06 Oct 2012 @ 9:36 PM 

This is part of a occasionally updated series on various programming languages. It should not be interpreted as a benchmark, but rather as a casual look at various programming languages and how they might be used by somebody for a practical purpose.
Currently, there are Articles written regarding Python,C#, Java and VB6 (merged for some reason),Scala,F# & Ruby,Perl, Delphi, PHP,C++,Haskell,D, VB.NET, and even QuickBASIC

For quite some time, and perhaps unsurprisingly, Programming and Computer Science graduates learned to program through the use of industry standard languages such as FORTRAN, ALGOL, SNOBOL. With the introduction of C, many teaching courses started to use that as well. One instructor- Niklaus Wirth- decided that it would be helpful to have a language to which lessons could be oriented; that abstracted some concepts for consumption by students, and to help classwork focus on the design of program logic rather than the design of random byte patterns. This language was to become Pascal. Since it was originally designed as a teaching language, it had a number of limitations- a myriad, even. With the introduction of Turbo Pascal and it’s extensions to the language, Pascal got something of a rebirth. While it still had a few limitations, the additions to the language were many and they added a lot of power to the language. Niklaus himself moved forward with a Programming Language called Modula, which did not catch on. the Borland variant of Pascal eventually became something of a standard, and Borland became essentially the language vendor. Pascal moved forward to Object Pascal which eventually turned into what we now call Delphi, which refers to both the language as well as the IDE that is used for it.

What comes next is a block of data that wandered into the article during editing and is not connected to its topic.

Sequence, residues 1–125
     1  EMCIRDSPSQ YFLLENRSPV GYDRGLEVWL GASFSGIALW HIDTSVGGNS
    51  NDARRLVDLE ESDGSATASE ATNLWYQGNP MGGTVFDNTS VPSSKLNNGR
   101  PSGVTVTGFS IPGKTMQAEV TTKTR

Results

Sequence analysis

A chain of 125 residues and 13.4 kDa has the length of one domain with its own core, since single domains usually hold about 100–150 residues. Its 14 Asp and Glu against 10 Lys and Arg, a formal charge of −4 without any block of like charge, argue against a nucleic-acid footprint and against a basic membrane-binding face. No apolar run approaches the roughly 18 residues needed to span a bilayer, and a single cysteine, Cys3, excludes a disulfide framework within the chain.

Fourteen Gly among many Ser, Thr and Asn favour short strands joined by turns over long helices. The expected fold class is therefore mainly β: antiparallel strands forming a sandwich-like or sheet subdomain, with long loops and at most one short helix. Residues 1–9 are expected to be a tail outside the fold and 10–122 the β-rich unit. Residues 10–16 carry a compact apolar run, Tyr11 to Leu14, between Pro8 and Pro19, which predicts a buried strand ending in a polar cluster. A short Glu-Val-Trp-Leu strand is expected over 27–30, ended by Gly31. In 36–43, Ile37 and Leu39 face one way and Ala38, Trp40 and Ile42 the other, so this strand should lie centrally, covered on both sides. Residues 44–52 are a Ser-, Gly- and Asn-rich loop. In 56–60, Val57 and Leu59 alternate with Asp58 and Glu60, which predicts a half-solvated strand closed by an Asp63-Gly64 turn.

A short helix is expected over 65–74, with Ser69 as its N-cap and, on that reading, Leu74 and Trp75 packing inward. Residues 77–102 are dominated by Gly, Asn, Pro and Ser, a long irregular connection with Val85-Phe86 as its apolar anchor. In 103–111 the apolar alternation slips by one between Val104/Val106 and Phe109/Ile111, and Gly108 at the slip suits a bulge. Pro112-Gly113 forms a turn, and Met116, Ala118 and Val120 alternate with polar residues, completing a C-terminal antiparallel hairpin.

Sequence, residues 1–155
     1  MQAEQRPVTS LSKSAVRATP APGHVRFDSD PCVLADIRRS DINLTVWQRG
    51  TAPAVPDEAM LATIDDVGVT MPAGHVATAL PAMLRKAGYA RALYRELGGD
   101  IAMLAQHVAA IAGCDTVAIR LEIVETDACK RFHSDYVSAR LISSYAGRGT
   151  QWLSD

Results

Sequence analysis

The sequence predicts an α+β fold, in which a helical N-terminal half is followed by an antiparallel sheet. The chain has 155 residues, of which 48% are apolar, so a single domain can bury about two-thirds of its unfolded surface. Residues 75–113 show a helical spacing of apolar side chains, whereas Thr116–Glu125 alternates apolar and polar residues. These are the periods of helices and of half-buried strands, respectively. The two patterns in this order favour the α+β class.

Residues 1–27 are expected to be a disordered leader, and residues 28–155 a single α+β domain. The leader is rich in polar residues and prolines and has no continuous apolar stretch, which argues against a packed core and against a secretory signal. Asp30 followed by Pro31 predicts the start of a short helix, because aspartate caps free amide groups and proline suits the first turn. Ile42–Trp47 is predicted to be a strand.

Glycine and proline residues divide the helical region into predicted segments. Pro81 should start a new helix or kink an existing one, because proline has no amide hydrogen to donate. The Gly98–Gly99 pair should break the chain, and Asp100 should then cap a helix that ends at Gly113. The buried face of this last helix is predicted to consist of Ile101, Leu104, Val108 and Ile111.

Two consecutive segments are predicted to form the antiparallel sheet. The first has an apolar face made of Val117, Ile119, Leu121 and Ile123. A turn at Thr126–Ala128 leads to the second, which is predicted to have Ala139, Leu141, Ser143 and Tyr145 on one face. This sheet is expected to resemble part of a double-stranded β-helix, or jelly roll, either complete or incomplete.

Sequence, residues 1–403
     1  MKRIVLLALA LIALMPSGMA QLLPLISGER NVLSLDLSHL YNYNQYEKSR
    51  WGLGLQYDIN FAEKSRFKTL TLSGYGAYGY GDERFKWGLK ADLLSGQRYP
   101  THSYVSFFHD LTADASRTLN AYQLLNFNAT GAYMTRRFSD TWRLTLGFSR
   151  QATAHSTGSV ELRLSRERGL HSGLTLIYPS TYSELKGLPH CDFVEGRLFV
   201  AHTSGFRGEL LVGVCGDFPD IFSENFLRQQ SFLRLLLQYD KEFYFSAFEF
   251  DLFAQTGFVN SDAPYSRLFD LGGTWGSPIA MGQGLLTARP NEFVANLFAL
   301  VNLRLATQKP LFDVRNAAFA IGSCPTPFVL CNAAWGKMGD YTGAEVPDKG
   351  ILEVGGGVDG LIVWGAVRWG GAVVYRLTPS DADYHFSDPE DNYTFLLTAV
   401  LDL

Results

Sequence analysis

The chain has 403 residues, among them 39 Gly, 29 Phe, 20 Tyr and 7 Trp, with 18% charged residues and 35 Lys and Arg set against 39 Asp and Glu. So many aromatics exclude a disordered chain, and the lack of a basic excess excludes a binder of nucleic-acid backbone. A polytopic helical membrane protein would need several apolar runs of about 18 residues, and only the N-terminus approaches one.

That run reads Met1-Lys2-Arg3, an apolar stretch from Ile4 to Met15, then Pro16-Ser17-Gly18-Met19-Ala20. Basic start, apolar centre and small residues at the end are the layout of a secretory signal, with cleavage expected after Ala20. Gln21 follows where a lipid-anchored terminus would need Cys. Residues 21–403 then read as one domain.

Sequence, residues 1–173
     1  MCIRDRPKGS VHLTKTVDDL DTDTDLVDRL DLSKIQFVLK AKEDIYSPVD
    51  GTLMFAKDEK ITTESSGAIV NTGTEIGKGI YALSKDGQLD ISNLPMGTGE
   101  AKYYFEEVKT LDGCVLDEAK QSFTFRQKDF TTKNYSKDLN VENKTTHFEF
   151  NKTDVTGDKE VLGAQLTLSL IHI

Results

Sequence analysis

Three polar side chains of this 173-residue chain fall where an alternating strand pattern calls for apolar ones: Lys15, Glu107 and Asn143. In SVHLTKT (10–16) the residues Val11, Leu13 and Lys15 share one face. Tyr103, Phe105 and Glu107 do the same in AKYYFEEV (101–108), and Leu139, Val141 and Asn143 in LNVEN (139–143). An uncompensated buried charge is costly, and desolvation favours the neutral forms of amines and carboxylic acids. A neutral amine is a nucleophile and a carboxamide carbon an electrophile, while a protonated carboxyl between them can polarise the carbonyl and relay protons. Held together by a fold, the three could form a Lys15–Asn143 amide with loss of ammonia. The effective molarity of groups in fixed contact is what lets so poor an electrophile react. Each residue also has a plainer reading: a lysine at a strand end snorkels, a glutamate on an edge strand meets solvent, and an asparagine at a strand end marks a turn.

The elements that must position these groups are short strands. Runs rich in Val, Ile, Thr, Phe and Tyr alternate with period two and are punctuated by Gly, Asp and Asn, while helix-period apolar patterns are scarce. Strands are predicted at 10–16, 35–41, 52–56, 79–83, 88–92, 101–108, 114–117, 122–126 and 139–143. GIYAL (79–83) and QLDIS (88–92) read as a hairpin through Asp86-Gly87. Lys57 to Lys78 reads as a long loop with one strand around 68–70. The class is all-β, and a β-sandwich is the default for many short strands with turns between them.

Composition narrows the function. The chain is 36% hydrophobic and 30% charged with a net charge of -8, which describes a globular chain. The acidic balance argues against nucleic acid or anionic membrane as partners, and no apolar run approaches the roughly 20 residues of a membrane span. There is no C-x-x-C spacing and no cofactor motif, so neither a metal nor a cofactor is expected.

In order to compare various languages, I have been implementing a anagram search program in a variety of languages and testing and analyzing the resulting code. This entry describes the Perl entrant into that discussion. A naive anagram search program will typically have dismal performance, because the “obvious” brute force approach of looking at every word and comparing it to every other word is a dismal one. The more accepted algorithm is to use a Dictionary or Hashmap, and map lists of words to their sorted versions, so ‘mead’ and ‘made’ both sort to ‘adem’ and will be present in a list in the Hashmap with that key. A psuedocode representation:

  1. Loop through all words. For each word:
    1. create a new word by sorting the letters of the word.
    2. use the sorted word as a key into a dictionary/hashmap structure, which indexes Lists. Add this word (the normal unsorted one) to that list.
  2. When complete, anagrams are stored in the hashmap structure indexed by their sorted version. Each value is a list, and those that contain more than one element are word anagrams of one another.

The basic idea is to have a program that isn’t too simple, but also not something too complicated. I’ll also admit that I chose a problem that could easily leverage the functional constructs of many languages. Each entry in this series will cover an implementation in a different language and an analysis of such.

In the earlier days of Computer programming, the only programming language was direct Machine code, entered by fiddling with switches on the computer. Entering a program was a labourious task, and programs were typically written over several days. Because the machines were simpler, it was often possible for a person to “step” through a program and simulate execution according to that machines documentation. As computers gained more capabilities and more resources to manage, that became difficult. Assembly followed shortly after machine code, essentially as soon as we could provide input through a keyboard terminal. In it’s purest form, Assembly is merely a symbolic representation of machine code; you don’t “compile” assembly, you merely run an assembler which essentially writes out the correct corresponding opcodes.

Here is the Delphi implementation I came up with:

(Run and tested with Embarcadero RAD Studio XE2)